Cardigan Welsh Corgi Pet Insurance: 2016's Best PlansPet Insurance
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Cardigan Welsh Corgi Pet Insurance

Cardigan Welsh Corgi
Cardigan Welsh Corgi

The Cardigan Welsh Corgi’s small size belies that this strong dog is capable of herding cattle. The Corgi’s history is a long one that goes back at least 3,000 years to dogs imported with the Celts to Wales. These early dogs share a common ancestor with the Dachshund, and mixing in Collie blood increased their herding ability.

The first Cardigan Corgis kept stray animals off grazing land, and later generations were trained to herd cattle to market. Being short-legged the corgi dodged amongst cattle and nipped their heels to move them as required. Originally known as “heelers” or “curs”, the term Corgi didn’t come into use until the 1920s, and the breed was introduced to the US in the 1930s.

Cardigan Welsh Corgi Health: Do they Need an Insurance Plan?

The Cardigan Welsh Corgi is a sturdy breed, but the relative shortness of their limbs places undue strain on their joints. This can lead to early arthritis and the need for pain relieving medications. Despite his lack of height, the Corgi is an active, busy dog and loves to explore undergrowth. This inquisitive nature puts them at increased risk of getting cuts and injuries that require veterinary attention and a prospective owner should always be prepared to budget for the unexpected.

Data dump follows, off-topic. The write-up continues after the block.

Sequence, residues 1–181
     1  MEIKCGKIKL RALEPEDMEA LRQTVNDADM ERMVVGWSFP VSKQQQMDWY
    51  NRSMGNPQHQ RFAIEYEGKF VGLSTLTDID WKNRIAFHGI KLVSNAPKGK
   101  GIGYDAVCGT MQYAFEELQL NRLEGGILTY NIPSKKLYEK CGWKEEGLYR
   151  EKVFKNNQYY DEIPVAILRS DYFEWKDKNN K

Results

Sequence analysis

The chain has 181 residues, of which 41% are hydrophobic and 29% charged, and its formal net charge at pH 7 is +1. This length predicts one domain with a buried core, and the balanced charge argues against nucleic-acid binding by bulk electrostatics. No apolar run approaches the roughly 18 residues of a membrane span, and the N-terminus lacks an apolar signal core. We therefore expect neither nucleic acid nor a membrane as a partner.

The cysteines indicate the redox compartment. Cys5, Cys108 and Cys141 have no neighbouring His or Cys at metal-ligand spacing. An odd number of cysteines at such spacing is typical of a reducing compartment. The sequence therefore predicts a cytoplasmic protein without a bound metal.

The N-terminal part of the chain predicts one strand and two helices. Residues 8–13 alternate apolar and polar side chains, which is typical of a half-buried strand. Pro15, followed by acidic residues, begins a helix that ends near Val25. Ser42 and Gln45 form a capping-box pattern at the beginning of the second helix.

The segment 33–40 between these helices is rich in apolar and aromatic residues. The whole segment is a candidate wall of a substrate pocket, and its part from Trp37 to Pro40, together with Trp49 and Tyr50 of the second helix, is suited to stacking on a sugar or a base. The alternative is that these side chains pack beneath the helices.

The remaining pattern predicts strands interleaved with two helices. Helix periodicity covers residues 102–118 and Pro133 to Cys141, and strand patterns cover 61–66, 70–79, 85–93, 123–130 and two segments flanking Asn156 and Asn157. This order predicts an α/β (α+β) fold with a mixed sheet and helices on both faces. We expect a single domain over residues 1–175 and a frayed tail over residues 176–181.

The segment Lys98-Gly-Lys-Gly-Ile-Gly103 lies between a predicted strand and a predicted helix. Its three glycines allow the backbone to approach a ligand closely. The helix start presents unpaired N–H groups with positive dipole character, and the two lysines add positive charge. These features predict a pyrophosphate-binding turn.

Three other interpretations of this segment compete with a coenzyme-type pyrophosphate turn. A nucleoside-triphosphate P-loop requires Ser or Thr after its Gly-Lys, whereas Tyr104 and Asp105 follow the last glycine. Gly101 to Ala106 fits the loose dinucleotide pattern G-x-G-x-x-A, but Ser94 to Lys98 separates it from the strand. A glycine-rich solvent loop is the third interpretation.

Although not common, Corgis are considered at risk of developing clotting disorders such as Von Willebrand’s disease. Such a dog may bleed excessively from minor cuts and may require blood transfusions during their lifetime.

Other Insurance Considerations:

• Cardigan Welsh Corgis are more likely to suffer from degenerative retinal disorders than other breeds. This leads to poor vision and even blindness.

• Corgis are prone to lens luxation, which means the lens pops out of place within the eye. If the lens moves forwards it may block the drainage system in the eye and cause serious complications such as glaucoma, which needs emergency treatment.

• Unneutered male Corgis can suffer from perineal herniation or weakness in the body wall near the rectum. Such dogs have difficulty passing feces, and corrective surgery is required to assist them.

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